Colonel Semenov continued to monitor the head of the German espionage bureau. The figure of his main assistant German Gebel, according to some data, also an officer of the German army, also got into the field of view of the Russian military intelligence. Goebel maintained a grain office in Bucharest. It was he who was recruited for Werner by the Italian Jew Herman (Erman) Joseph Schwartz, 50 for years, the ruined owner of a clothing store in Alexandria. In March, 1915, Goebel and Werner, sent Schwartz to Russia to collect information on the number of troops in the Odessa Military District and on the number of ships in Odessa. At that time, this information was of particular importance for the Central Powers, who were awaiting the start of operations by the Russian forces against the Bosphorus. In Russia, Schwartz was immediately supervised. During his trip, Schwartz, ostensibly to buy dry guts and peas, visited Kiev and Odessa. March 21 on the way back was arrested by Russian counterintelligence at the Ungheni customs. When it was found, a spying instruction in German and a report on 28 sheets written in invisible ink were found. Schwartz gave a confession and 19 on November 1915 was hanged by the verdict of the Odessa Military Court.

Colonel A.A., who replaced Semenov as a military agent in Bucharest Tatarinov had little time and energy at his disposal to deploy new agent networks. Having received extensive powers and instructions personally from the emperor and M.V. Alekseeva, Tatarinov immediately joined in the discussion of the conditions for Romania’s entry into the war.

According to the valuable recognition of the head of the Austro-Hungarian military intelligence, Major General Max Ronge, Colonel Tatarinov "managed under the guise of Don Juan, a gambler and a heel who is not interested in military matters, completely unnoticed with the Romanians about the conditions of their performance on the side of the Entente."

On behalf of Russia, Tatarinov had the opportunity to put his signature under the fateful military convention between Romania and the Consent States 4 (17) of August 1916.

This important military-diplomatic mission took Tatarinov a significant part of his official time and energy. In addition, in the spring and summer of 1916, the operational situation in Romania began to favor the secret services of the Accord more and more and less - to representatives of the Fourth Union. As Romania approached the Entente, the pressure of its police and counterintelligence agencies, on which Semyonov and other Russian intelligence officers so complained, began to be transferred to agents of the opposite camp.

8 June 1916 of Tatarinov telegraphed to Headquarters: “I was under surveillance by Colonel Gamershtein and all the German officers, besides, the head of the Romanian secret police Panahtesko and the intelligence department of the Romanian general staff help me to monitor them and their activities and in the case of compromise expelled from Romania. "

While in Bucharest, Colonel Tatarinov regularly received valuable information about the situation in Austria-Hungary from Captain Stirch, the Romanian military attache in Vienna. The latter, a native of Bukovina, did this not because of sympathy for Russia and the Entente, but, rather, because of mercenary motives: he, in particular, asked Tatarinov to petition for the protection of the houses of his relatives in Chernivtsi occupied by the Russian troops.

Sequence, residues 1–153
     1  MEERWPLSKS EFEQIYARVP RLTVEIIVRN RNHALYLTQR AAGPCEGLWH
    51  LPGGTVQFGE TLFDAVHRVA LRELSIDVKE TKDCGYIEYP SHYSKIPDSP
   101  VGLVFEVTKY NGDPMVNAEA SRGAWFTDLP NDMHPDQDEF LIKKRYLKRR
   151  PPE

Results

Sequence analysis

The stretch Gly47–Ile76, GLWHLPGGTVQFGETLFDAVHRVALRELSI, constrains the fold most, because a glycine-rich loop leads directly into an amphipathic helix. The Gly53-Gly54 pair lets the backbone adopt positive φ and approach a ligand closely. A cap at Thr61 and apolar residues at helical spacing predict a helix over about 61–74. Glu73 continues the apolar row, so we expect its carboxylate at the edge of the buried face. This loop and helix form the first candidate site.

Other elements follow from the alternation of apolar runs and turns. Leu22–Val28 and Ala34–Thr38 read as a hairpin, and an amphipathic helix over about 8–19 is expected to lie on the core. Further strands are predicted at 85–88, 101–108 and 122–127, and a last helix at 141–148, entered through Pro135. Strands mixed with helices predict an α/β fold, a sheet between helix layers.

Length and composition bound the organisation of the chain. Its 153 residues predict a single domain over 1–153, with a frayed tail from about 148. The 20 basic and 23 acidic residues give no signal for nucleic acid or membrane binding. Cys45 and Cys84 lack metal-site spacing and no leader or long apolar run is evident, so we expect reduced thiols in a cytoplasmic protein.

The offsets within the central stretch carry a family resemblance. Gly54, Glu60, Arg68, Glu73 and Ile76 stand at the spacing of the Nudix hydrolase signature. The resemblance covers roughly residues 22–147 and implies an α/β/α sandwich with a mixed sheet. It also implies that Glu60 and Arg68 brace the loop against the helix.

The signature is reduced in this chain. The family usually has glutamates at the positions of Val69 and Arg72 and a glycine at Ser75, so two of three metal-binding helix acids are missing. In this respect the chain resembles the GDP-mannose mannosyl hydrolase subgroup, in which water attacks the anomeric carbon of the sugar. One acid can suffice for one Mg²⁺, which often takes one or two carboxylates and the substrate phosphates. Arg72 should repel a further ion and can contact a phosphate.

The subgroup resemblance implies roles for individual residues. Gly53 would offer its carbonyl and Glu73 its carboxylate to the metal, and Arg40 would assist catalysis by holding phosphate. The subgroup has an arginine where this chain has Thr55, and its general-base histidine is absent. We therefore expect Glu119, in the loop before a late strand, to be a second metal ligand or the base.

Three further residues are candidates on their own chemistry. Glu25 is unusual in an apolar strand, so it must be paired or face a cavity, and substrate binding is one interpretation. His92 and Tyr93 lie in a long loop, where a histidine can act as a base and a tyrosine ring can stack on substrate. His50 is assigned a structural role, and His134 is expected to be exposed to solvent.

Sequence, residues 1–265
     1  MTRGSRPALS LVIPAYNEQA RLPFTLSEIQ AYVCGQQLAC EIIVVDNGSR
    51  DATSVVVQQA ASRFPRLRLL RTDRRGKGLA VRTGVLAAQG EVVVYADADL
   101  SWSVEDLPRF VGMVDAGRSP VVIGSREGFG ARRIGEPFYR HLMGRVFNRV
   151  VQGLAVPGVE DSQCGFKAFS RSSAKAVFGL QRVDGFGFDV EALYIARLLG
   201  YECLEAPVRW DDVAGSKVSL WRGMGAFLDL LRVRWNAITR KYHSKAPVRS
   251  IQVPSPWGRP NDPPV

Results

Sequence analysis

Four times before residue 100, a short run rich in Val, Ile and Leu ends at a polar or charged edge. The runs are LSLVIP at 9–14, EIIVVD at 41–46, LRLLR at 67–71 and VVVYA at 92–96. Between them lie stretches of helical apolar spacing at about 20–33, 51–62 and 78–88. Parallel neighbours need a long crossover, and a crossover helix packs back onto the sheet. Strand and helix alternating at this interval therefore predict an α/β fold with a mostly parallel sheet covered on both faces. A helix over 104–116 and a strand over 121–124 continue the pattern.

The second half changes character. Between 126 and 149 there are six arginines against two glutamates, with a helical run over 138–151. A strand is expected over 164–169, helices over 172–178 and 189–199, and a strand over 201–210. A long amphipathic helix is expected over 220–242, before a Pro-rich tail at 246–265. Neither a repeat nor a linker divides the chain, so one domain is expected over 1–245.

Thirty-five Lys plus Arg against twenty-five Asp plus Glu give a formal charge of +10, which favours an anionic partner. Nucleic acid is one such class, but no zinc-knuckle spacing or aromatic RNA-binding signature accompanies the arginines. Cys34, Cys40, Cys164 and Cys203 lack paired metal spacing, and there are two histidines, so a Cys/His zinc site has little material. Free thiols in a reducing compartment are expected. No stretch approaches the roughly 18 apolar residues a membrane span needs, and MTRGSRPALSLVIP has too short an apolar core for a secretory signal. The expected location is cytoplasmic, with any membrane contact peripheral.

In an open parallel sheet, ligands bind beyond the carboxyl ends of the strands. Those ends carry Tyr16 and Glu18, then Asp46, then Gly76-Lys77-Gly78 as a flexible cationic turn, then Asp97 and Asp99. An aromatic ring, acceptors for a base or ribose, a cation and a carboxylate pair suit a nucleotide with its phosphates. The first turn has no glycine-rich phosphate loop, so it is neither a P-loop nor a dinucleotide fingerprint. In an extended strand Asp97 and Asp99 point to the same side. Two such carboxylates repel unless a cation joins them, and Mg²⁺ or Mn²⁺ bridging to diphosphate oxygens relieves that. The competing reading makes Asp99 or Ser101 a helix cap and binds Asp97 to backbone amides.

Reports from the military attache in Vienna were given to Tatarinov to read directly in the Romanian military ministry, where the number of supporters of Russia was large at that time and continued to grow as the armies of the South-Western Front, A.A. Brusilov in Galicia and Bukovina.

Romania’s entry into the war as an ally of Russia led to the cessation of the covert intelligence work of the Russian secret services in this country. On August 21, Tatarinov reported to the Headquarters: "All sorts of intelligence and information service in Romania, starting on August 14, has been stopped by order of Nashtaverha". The report of the Chief of Staff of the Odessa Military District to the General Staff also said: "Since the time of the performance of Romania, the agent network of the District Headquarters has been operating within the kingdom has been eliminated." After that, the activities of Russian intelligence in Romania were mainly limited to reconnaissance support of the operations of the Allied forces in Dobrudja and on the newly formed Romanian front.

In general, the Russian Empire failed to achieve strategic success in the Balkans during the First World War, despite the stubborn and selfless work of the officers of the Russian military intelligence. Nevertheless, their activity in the protection of the interests of Russia deserves the grateful attention of descendants and professional study by specialists.
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  1. parusnik
    parusnik 29 August 2014 11: 26
    Very few works on Russian counterintelligence of the Republic of Ingushetia, hence the conspiracy theories
  2. s30461
    s30461 30 August 2014 00: 07
    Thank you for an excellent article!
    Looking forward to continued research. If possible, please write about the schemes of undercover work and communication between group members.
  3. 31 August 2014 10: 40
    The "Secret Front" is the same front. Nice addition to general articles on the First World War.